Improving outcomes in patients with a diagnosis of pancreatic cancer

UoM administered thesis: Phd

  • Authors:
  • Rille Pihlak

Abstract

Pancreatic ductal adenocarcinoma (PDAC) has a dismal prognosis with high resistance to chemotherapy. Many clinical trials with novel treatment combinations have failed to increase survival for patients with advanced disease, and consequently, it is currently one of the deadliest cancers globally. This PhD thesis aimed to identify areas within the management framework of PDAC that, with appropriate interventions, could lead to improved patient outcomes. As such, I addressed two clinical entities highly prevalent but often overlooked in patients with PDAC, to determine whether improvements in these areas could lead to improved outcomes. A specifically-designed and populated large retrospective data collection of patients with PDAC (all stages), demonstrated for the first time that high GlucMin (defined as the lowest plasma glucose measured per patient ever) confers a worse OS; and that antidiabetic treatment use in patients with high baseline glucose leads to better OS. Thus, these results give the first signal that better antidiabetic control in patients with PDAC could lead to longer OS. Whilst confirmation and validation of these results are needed from prospective studies, I also showed that hyperglycaemia is a widespread issue in patients with PDAC, with almost 2/3 of patients having abnormal glucose levels, but only 29% were known to be diabetic. Conventional survival-based outcomes were then challenged by assessing clinician and patient perceptions on "clinically-meaningful" outcomes in the setting of a poor-prognosis malignancy, with modestly-effective treatment options. For this purpose, a prospective investigator-designed longitudinal questionnaire study was developed comprising of purposely built survey; and two validated tools measuring quality of life. Results from this study revealed that there is a mismatch between patient and physician views about the aims, priorities and expected benefit from the treatment of advanced PDAC. The main findings were that patients significantly overestimated the expected length of time extension that chemotherapy would offer, and when making decisions about treatment options: patients prioritised length of survival, while physicians thought that patients would prioritise the best balance between side-effects and survival. Overall, patients in this study had significantly higher hopes for treatment leading to life extension, compared to their physicians, and also had a lot of fear and worry about the future and poor symptom scores and quality of life. These findings highlight that there are currently some important improvements that could be made in management of hyperglycaemia and diabetes, quality of life and symptoms, and patient expectations in patients with PDAC. Given the poor outcomes in PDAC, these potential advancements should not be overlooked.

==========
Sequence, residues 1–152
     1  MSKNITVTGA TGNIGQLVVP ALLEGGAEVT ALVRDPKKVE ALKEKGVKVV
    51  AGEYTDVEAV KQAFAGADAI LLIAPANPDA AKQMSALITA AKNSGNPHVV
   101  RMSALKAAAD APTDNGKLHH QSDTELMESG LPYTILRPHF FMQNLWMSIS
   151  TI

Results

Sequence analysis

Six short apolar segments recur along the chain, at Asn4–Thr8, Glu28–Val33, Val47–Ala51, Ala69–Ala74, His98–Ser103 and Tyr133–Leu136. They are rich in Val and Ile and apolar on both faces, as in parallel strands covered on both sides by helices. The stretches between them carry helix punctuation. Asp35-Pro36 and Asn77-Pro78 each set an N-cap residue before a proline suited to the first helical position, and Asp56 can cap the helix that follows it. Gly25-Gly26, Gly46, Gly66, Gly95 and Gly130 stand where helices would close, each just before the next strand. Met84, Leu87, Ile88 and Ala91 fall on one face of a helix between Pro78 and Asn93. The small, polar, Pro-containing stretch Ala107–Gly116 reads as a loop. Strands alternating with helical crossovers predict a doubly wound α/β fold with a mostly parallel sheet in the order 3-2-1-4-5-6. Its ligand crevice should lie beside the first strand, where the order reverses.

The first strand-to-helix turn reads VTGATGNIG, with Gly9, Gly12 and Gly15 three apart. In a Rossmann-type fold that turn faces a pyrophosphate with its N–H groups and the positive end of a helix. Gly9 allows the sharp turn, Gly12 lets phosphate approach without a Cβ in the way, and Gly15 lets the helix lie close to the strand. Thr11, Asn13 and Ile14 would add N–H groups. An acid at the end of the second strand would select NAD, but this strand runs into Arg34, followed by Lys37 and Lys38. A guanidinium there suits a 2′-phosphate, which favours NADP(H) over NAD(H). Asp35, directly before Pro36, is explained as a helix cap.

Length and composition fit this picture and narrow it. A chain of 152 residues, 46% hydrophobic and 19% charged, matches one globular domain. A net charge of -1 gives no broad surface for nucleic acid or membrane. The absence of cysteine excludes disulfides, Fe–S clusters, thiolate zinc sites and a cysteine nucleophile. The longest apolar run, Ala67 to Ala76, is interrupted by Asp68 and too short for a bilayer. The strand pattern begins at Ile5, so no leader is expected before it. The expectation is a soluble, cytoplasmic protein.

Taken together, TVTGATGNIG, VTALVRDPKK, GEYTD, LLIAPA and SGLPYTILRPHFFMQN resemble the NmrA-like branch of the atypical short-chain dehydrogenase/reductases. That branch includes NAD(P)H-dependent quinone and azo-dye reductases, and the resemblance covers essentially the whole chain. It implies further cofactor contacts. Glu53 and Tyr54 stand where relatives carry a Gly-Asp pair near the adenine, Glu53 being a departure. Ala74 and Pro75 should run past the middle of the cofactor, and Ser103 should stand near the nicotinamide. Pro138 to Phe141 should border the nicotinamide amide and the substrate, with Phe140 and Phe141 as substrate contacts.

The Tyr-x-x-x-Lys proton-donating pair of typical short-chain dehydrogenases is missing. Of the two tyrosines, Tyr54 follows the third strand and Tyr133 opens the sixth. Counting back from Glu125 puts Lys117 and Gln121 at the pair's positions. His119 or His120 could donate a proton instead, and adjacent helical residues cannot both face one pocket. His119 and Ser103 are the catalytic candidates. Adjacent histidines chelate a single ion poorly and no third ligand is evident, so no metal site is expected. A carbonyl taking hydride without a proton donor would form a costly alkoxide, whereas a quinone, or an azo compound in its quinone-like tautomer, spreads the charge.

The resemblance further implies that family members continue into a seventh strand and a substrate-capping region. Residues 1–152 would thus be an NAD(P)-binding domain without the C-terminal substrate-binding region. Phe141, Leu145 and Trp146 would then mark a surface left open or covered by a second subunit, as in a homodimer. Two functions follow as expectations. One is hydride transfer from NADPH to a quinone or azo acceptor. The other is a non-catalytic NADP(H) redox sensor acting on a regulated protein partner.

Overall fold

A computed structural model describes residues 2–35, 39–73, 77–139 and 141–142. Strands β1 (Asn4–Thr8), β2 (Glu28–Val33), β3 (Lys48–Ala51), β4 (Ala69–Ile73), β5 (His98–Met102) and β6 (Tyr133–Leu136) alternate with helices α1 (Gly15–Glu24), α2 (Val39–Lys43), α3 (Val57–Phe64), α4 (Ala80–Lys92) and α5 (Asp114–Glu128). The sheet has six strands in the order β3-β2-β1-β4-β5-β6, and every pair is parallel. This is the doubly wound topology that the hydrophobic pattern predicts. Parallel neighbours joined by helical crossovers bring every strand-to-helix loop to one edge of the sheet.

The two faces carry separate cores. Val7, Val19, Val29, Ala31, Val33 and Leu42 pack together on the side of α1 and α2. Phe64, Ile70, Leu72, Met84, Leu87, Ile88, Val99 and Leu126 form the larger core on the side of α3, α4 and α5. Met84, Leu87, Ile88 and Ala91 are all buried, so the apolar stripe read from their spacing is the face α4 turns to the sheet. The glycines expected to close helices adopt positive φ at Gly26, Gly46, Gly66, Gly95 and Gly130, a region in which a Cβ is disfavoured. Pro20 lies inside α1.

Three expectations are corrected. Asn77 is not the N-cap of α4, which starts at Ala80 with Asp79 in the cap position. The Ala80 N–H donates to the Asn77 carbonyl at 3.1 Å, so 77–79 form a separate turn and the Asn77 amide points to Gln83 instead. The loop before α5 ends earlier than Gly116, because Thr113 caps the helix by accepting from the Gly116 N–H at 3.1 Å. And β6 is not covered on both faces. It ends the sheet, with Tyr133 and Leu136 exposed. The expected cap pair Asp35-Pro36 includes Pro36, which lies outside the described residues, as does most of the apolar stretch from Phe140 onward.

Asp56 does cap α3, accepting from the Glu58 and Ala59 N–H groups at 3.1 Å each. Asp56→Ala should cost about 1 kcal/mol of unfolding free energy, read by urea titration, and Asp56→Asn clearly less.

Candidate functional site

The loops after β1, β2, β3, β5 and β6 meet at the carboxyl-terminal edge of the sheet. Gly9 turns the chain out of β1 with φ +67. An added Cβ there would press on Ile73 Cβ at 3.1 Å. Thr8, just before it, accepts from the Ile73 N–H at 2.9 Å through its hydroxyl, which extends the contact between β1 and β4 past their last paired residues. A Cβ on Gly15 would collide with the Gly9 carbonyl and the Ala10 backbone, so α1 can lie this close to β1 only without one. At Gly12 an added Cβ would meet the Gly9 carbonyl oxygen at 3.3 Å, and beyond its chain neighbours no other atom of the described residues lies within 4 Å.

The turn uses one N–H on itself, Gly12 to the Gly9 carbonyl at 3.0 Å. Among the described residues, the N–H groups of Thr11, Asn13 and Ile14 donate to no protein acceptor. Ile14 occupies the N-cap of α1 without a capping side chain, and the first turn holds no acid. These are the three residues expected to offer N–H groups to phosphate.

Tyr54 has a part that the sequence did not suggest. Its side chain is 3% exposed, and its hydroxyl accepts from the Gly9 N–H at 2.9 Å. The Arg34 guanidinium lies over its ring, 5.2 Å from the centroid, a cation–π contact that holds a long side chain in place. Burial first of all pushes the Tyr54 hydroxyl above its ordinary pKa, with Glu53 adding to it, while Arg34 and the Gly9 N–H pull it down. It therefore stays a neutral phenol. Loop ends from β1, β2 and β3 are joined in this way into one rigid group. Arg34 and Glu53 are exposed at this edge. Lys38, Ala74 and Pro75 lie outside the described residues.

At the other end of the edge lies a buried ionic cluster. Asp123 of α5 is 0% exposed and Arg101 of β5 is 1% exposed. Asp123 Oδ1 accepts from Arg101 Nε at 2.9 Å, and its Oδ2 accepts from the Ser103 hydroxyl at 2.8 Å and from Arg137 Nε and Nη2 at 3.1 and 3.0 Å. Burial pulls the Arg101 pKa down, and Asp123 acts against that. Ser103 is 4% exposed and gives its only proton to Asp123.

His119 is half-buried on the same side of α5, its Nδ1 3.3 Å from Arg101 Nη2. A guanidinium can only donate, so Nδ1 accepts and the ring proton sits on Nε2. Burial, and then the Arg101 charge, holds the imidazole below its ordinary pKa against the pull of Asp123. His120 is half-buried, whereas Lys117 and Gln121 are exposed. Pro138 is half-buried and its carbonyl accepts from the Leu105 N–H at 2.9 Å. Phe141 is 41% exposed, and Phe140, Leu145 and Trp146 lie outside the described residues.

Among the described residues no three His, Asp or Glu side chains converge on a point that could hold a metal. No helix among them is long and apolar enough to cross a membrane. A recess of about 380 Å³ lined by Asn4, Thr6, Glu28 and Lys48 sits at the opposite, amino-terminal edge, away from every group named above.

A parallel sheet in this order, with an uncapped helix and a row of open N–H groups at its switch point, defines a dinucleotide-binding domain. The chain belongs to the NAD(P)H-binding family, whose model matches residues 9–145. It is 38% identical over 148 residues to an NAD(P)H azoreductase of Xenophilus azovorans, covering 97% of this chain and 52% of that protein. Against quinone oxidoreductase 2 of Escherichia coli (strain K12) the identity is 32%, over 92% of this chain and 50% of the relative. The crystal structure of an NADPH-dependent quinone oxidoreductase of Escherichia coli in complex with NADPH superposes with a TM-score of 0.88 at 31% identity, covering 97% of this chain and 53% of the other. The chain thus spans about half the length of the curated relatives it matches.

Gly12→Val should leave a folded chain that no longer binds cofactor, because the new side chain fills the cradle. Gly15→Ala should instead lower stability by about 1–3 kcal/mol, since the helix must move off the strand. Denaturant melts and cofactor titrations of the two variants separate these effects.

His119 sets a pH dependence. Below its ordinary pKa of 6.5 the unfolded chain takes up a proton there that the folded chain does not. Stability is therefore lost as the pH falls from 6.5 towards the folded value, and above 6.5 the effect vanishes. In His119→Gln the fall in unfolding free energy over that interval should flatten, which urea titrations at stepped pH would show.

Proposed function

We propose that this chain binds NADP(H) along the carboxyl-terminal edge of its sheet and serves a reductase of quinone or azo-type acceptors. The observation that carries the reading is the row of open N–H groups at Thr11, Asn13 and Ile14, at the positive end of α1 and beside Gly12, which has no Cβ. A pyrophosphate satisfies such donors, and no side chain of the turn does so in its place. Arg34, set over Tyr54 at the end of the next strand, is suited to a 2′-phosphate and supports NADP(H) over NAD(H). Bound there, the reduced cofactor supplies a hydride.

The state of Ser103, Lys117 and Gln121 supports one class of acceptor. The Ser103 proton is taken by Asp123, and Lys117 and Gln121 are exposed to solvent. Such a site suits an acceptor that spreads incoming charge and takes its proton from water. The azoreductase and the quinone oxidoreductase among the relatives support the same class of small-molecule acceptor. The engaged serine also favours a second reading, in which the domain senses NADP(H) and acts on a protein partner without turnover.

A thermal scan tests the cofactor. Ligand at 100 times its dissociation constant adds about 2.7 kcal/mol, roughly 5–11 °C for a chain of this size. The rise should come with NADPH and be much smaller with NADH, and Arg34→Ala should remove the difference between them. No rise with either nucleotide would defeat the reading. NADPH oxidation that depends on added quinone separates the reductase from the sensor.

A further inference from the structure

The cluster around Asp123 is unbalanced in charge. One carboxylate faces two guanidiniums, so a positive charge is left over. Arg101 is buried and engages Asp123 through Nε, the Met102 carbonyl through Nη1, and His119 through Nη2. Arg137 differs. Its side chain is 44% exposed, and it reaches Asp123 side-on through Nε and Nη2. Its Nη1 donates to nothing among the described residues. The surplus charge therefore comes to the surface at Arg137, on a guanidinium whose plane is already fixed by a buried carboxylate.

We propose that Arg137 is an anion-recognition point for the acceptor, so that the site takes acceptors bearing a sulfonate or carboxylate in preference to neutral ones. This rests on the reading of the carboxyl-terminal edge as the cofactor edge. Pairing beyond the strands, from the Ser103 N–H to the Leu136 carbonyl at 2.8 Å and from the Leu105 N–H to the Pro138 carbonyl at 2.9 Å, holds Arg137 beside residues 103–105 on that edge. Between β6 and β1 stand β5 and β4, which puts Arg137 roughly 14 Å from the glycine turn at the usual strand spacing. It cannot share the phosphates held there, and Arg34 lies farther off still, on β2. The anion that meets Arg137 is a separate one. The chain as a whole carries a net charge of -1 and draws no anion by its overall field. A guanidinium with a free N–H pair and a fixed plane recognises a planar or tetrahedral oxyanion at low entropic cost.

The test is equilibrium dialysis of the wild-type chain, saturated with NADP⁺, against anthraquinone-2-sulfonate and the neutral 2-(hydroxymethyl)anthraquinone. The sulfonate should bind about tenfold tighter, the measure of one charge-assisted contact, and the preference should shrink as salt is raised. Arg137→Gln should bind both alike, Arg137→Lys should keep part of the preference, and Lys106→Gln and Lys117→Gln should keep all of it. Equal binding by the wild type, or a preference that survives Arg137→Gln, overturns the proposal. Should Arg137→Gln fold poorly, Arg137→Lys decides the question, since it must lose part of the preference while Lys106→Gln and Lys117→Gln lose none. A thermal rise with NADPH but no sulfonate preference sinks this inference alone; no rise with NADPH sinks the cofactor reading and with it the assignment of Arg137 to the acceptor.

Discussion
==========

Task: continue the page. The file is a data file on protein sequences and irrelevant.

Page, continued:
Details

Original languageEnglish
Awarding Institution
Supervisors/Advisors
Award date1 Aug 2021